Clinic research on forced labor in the United States indicates that hundreds and possibly thousands of Mexican men, women, and children are trafficked into this country each year and forced to work in brothels, agriculture, and sweatshops as modern day slaves. Yet even when victims manage to escape or are rescued, their ordeal is not over. Family members of survivors who prosecute their perpetrators have been intimidated or attacked in home countries. Fear of reprisal against family members in the survivors' home country once perpetrators are released from prison in the United States is an on-going concern to survivors and delays their rehabilitation. Similarly, fear that law enforcement will be unable to protect them or their families discourages many victims from assisting in prosecution of their traffickers. In November 2003, clinic students, in collaboration with produced a policy paper, This paper includes a comprehensive normative analysis of federal law regarding immigration and trafficking, as well as of federal, California, and local law on labor and employment, in order to identify gaps in protections for domestic workers. It also surveys strategies utilized by cities, countries, and international organizations to address the struggles of domestic workers. The clinic's analysis supports efforts by human rights and labor advocates to initiate legal reforms to protect this vulnerable population of workers. The clinic participated in an award-winning multidisciplinary project to examine the effects of expedited removal on people seeking asylum in the United States.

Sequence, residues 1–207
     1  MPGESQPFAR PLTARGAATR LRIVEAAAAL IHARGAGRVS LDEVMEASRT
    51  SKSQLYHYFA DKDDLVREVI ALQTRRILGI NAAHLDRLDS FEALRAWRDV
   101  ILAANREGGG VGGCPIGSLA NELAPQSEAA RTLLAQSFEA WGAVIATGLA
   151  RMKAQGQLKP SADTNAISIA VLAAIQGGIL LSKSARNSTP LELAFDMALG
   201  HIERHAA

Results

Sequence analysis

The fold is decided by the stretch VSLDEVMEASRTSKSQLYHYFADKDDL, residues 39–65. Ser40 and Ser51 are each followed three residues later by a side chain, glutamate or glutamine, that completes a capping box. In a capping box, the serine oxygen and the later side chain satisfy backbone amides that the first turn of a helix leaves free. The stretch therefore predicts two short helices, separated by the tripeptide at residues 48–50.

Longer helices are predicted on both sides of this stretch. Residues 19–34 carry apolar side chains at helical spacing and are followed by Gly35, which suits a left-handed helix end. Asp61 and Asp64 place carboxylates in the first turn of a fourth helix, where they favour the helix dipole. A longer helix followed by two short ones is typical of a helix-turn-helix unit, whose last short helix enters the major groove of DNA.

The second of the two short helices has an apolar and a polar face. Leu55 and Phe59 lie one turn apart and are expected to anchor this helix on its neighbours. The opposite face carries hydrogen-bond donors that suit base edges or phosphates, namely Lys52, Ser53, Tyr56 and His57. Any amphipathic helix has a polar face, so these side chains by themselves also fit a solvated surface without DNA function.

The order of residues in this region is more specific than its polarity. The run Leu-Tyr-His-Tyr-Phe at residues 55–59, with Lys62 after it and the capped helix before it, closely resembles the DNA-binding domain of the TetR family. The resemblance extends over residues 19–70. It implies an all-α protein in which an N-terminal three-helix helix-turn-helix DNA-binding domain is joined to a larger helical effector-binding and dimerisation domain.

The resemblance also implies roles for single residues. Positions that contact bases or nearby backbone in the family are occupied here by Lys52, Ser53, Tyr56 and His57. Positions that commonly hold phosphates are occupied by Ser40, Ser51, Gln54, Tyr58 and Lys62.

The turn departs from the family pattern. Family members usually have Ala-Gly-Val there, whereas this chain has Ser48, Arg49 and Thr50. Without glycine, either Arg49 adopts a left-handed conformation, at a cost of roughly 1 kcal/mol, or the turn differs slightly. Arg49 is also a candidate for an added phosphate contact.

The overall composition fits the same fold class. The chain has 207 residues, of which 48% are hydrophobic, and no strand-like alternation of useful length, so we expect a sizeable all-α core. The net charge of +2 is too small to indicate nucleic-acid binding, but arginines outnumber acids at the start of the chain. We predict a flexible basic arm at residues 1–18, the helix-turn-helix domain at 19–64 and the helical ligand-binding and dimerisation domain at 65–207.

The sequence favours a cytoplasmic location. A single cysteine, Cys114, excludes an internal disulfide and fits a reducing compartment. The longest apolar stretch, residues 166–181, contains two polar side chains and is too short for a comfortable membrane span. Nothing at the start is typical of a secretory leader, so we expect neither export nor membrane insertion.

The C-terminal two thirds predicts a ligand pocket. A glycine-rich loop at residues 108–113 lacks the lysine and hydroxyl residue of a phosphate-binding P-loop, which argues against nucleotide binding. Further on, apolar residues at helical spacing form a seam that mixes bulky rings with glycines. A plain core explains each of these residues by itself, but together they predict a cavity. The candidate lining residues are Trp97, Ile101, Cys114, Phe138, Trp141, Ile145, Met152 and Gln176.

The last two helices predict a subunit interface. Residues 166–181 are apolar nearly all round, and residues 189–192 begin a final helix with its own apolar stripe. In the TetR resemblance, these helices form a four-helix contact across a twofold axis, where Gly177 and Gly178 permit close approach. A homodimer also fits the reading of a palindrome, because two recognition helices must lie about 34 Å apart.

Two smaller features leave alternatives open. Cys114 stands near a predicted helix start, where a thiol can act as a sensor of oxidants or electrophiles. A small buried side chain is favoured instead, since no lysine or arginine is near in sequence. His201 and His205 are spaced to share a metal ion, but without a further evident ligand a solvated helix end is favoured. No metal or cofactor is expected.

This project arose out of a Congressionally-mandated study conducted by the clinic and other partners for the U.S. Commission on International Religious Freedom, an independent, bipartisan, federal agency. Students who worked on the expedited removal project had unprecedented access to Department of Homeland Security and Department of Justice activities and records, including inspections at ports of entry and detention decisions and conditions. The study was recognized with the 2005 Arthur Helton Human Rights Award by the American Immigration Lawyers Association. Download (Findings and Recommendations), (Expert Reports), and . Individuals fleeing religious persecution face particular legal hurdles to establishing protection. This has been an underdeveloped area of asylum law, and only recently have international standards to adjudicate claims of individuals fleeing religious persecution been promulgated.